Norfolk is full of charming towns and unspoilt coastline and boasts one of Britain's finest small cities. Eleanor Doughty sings its praises and suggests a few spots to look at if you're thinking of making the move.
Norfolk is easy to love. It’s got dramatic beaches — vast Holkham, for example, is popular with the Household Cavalry on its summer holidays — and countless beautiful houses, suchas Houghton Hall, Raynham Hall and Sandringham. Although Yorkshire may be known as ‘God’s own county’, it was Britain’s beloved Sir John Betjeman who said ‘I am still reeling at the soaring majesty of Norfolk’ when he visited in 1974.
‘There’s a lot more to Norfolk than Alan Partridge and Delia Smith,’ points out Lucy Harley-McKeown, a journalist who was raised in the county. ‘It was a great place to grow up in, not only for the sprawling countryside and miles of coastline, but also for Norwich’s cultured city centre, with its idiosyncratic shops.’
Ian Burnaby-Parsons, associate director at Strutt & Parker, has recently moved back to the county following a decade in London. ‘There is a romantic charm about Norfolk,’ he says. ‘It harks back to the simple life.’
Accessibility remains both a blessing and a curse. Famously, there’s no motorway, but, now that the A11 is a dual carriageway, travel by car is quicker than it once was.
Wherever you lay your hat in Norfolk, you’ve probably chosen it for good reason, notes Mr Burnaby-Parsons. ‘Part of the attraction of this wonderful county is its pace of life — and nobody takes themselves too seriously.’
If you’re looking to make the move, here’s our pick of the best places to live in Norfolk, and the sort of thing you can expect to find.
With its cathedrals — one Catholic, one Church of England — Norman castle, hidden Plantation Garden and popular open-air market, there’s an awful lot going on in Norwich. Once upon a time, it was said that there were 365 pubs in Norfolk, as well as a church for every week of the year.
‘I think the latest pub count is about 120,’ says Mr Burnaby-Parsons.
As to restaurants, St Benedict’s Street is popular with foodies. B’nou, a tapas restaurant, is ‘hard to get a table at’ and a few doors down is Farmyard, a thriving bistro, and Benedicts, which opened in 2015.
When it comes to property stock within the town, the average house price in 2018 was £238,025, up 8% on 2016. A smart six-bedroom town house on Unthank Road, 1.5 miles from the railway station, will set you back £1.595 million.
Elsewhere in the city, Jackson-Stops have a four-bedroom, Grade II-listed property in the conservation area of Elm Hill for £825,000.
The inland villages
Outside town, the selection of villages is second to none, says Louis de Soissons, head of residential at Savills Norwich — and they’re ‘increasingly desirable’. ‘They all fall within the Norfolk Coast AONB, which holds a certain cachet,’ he adds, ‘but they’re situated in pockets of unspoilt countryside away from the hustle and bustle of the coastline.’
Twenty miles from Norwich, Aldborough is particularly lovely, he says, ‘with its village green, weekly cricket matches and traditional country pub’. Two-bedroom cottages — such as this one for sale via Musker McIntyre — can be bought for less than £300,000.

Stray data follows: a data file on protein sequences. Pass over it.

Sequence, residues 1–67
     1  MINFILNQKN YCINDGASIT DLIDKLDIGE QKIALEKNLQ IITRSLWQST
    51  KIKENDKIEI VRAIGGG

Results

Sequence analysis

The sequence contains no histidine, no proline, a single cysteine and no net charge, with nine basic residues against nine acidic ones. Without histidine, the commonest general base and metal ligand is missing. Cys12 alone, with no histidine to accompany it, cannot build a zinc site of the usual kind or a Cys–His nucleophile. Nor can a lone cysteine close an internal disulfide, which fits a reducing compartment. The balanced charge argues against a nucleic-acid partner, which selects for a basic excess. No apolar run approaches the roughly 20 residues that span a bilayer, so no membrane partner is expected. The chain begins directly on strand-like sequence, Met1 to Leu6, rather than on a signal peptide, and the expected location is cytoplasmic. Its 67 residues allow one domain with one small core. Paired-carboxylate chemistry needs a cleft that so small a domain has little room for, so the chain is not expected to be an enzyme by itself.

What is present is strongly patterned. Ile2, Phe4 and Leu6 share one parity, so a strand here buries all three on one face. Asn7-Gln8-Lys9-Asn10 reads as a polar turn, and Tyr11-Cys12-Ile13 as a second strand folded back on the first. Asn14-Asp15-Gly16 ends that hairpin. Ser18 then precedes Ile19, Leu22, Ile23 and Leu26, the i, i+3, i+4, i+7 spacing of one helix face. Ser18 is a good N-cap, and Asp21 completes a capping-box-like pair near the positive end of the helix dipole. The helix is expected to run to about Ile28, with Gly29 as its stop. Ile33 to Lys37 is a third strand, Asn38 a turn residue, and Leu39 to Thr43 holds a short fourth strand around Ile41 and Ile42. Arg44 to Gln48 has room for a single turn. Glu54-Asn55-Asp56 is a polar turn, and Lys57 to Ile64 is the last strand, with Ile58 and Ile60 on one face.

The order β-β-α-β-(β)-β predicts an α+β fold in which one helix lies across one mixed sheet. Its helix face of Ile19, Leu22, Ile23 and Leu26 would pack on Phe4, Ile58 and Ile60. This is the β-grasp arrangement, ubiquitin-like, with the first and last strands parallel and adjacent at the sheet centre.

Two miles up the road in Erpingham, five miles from Gunton railway station, Jackson-Stops are marketing a four-bedroom, brick-and-flint farmhouse dating from 1694, with a landscaped garden, for £695,000.
Southrepps is also charming, ‘with the old-fashioned but incredibly popular Vernon Arms’, where Norwich agents Abbot Fox have a three-bedroom converted chapel at £425,000.
The coastal hotspots
Some of the homes on the coast are breathtaking. Appletree House, a 13-bedroom manor house near Brancaster on the north Norfolk coast, has superb views over the salt marshes and is for sale at £4 million through Strutt & Parker.
But the coastal possibilities aren’t limited to famous spots such as Brancaster, Hunstanton, Holkham and Wells-next-the-Sea. Mr Burnaby-Parsons is a fan of Winterton, eight miles from Great Yarmouth.
‘It’s not overly populated — you can always find a place to park and then go for a nice walk through the sand dunes. It’s just a much quieter place.’ And if walking in the dunes is your thing, the dunes in question come right up to the garden of this four-bedroom house in Winterton, on the market with Pymm & Co at £575,000.
The Norfolk Broads
The Broads also have appeal and not only for holidaymakers, adds Mr de Soissons. ‘You don’t have to go far from the beaten track to find lovely villages, such as Irstead and Neatishead…. We’re seeing a trend in that buyers want to be on the edge of one of these lovely villages, as long as there’s a pub within walking distance and picturesque countryside surrounding them.’
The property stock is charming: £700,000 will currently buy a four-bedroom cottage dating from the 1700s in Irstead, three miles from Hoveton & Wroxham railway station.
The Waveney Valley
The Waveney valley, on the Norfolk-Suffolk border, is also growing in popularity. According to Zoopla, house prices in the market town of Diss rose by almost 8% in 2018, with the average at £311,486. ‘For a long time, the Waveney valley has been a place where many people from the City retire,’ says George Bramley, a partner in Knight Frank’s country department.
The key to the area is Diss railway station, from which services run into London Liverpool in one hour and 40 minutes. Around this area, under £500,000 will buy a charming cottage such as this for sale throught Savills.
If you want something grander then for well under £2 million, ‘you’ll get as good a house as you’ll get anywhere in the country,’ says Mr Bramley. ‘It’s remarkable.’ This six-bedroom country house for sale with Fine & Country is a great example.